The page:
Nutrition is vital to a person’s health regardless of age. Babies and children need the right nutrition for growth and development of the body’s vital organs. Adults need the right nutrition to protect the body against certain illnesses while giving the body the much needed energy.
In the elderly, nutrition plays an important role to maintain a healthy weight, stay energetic, get enough nutrients and lower the chances of developing chronic health conditions associated with aging, like heart diseases and diabetes.
When the body doesn’t have enough nutrition, you can become either overweight or underweight, which can weaken your muscles and bones, and make you prone to diseases.
Eating the right foods is key in longevity and amazing health. Your senior years would be more pleasurable when you’re free from health problems brought about by poor nutrition. As an elderly adult, your diet should include more fiber, vitamins, minerals, and other nutrition packed foods. The important food groups below will give you the best idea of the specific food to eat.
1. Vitamin C foods
Vitamin C is very important in an elderly person’s diet. While it contains antioxidants that prevent cancer and heart diseases, it also helps in the production of collagen to make the skin elastic and get rid of dead cells. As you grow older, your skin becomes less elastic and easily gets wrinkles. Vitamin C may not prevent you from aging, but it can delay the onset of a premature one.
Aside from that, vitamin C can also reduce the duration and severity of colds, help in the formation of white blood cells that fight off infection, and help keep the wall of the blood vessels strong against possible damages.
Taking vitamin C on a regular basis is of vital importance in your senior years. For men, the recommended daily dose of vitamin c is 90 milligrams. For women, it’s 75 mg. If you don’t want to take vitamin C in a capsule form, you can take it from various sources that are high in vitamin C. Fruits that are high in vitamin C content are citrus fruits, papaya, kiwi fruit, strawberries, and tomatoes.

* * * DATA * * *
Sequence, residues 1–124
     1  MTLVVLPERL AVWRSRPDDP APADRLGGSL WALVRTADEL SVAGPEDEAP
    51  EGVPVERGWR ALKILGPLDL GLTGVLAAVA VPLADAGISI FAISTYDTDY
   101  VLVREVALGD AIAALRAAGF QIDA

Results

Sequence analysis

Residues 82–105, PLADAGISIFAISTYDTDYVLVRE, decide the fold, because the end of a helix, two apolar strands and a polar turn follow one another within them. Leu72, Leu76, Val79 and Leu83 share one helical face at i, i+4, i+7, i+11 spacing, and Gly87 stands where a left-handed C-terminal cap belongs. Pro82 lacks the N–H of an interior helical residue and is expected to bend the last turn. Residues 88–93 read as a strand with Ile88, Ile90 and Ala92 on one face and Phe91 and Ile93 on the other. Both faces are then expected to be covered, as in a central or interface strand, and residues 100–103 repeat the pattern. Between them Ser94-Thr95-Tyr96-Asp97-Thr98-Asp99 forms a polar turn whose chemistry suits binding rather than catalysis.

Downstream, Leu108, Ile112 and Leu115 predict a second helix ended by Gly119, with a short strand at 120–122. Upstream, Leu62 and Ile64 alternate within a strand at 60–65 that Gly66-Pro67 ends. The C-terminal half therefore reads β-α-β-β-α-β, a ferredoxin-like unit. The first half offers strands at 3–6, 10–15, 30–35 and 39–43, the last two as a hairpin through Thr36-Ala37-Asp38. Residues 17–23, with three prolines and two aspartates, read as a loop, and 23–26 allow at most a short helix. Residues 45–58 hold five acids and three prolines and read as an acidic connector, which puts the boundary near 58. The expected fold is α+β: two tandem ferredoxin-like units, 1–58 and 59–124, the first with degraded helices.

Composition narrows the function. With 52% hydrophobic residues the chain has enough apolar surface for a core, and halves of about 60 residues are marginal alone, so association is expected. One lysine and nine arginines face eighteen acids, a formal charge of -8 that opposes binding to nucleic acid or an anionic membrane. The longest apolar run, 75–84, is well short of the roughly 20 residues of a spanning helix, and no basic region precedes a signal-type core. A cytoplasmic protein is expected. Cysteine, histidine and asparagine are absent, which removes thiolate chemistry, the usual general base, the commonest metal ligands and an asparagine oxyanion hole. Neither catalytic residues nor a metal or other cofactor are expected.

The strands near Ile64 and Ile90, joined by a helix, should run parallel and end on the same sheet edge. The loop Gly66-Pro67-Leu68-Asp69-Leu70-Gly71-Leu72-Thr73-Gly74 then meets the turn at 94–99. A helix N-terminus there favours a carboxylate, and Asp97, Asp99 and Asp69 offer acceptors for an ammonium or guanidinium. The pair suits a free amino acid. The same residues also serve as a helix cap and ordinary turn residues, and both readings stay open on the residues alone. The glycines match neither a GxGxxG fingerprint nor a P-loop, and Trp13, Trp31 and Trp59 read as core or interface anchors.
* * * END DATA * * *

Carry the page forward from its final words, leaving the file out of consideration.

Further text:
Vegetable sources of vitamin C include broccoli, Brussel sprouts, cauliflower, green and red peppers, spinach, cabbage, and other leafy greens. Other food sources are sweet and white potatoes and winter squash.
2. Iron foods
Iron plays a crucial role in the proper circulation of your blood. Iron helps produce hemoglobin, which is responsible for carrying oxygen in the blood from the lungs to the other parts of the body. A deficiency in iron affects the supply of oxygen to the body tissues and may result in anemia. Though anemia in the elderly can be caused by some other factors, iron deficiency is one of the most common cause.
There’s been a lot of issues regarding whether elderly people should take iron supplements or not. If iron supplements seem unsafe for you due to certain medications or other health concerns, getting your iron supply from natural sources is the best option to take. You can get iron from animal food sources, like chicken liver, beef liver, oysters, beef chuck, dark turkey meat, sirloin steak, tuna, crab, and pork.
For seniors who have turned vegan, the best sources are fortified cereals, fortified oatmeal, soybeans, lintels, kidney beans, lima beans, navy beans, black beans, pinto beans, and blackeye peas. Other sources are tofu, spinach, raisins, molasses, white bread, and whole wheat bread.